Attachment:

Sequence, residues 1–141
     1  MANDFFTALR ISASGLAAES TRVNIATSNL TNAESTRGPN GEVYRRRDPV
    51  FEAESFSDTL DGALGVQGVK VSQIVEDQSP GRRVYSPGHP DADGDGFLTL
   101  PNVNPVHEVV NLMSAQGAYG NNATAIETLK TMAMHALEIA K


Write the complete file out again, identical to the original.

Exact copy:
Sequence, residues 1–141
     1  MANDFFTALR ISASGLAAES TRVNIATSNL TNAESTRGPN GEVYRRRDPV
    51  FEAESFSDTL DGALGVQGVK VSQIVEDQSP GRRVYSPGHP DADGDGFLTL
   101  PNVNPVHEVV NLMSAQGAYG NNATAIETLK TMAMHALEIA K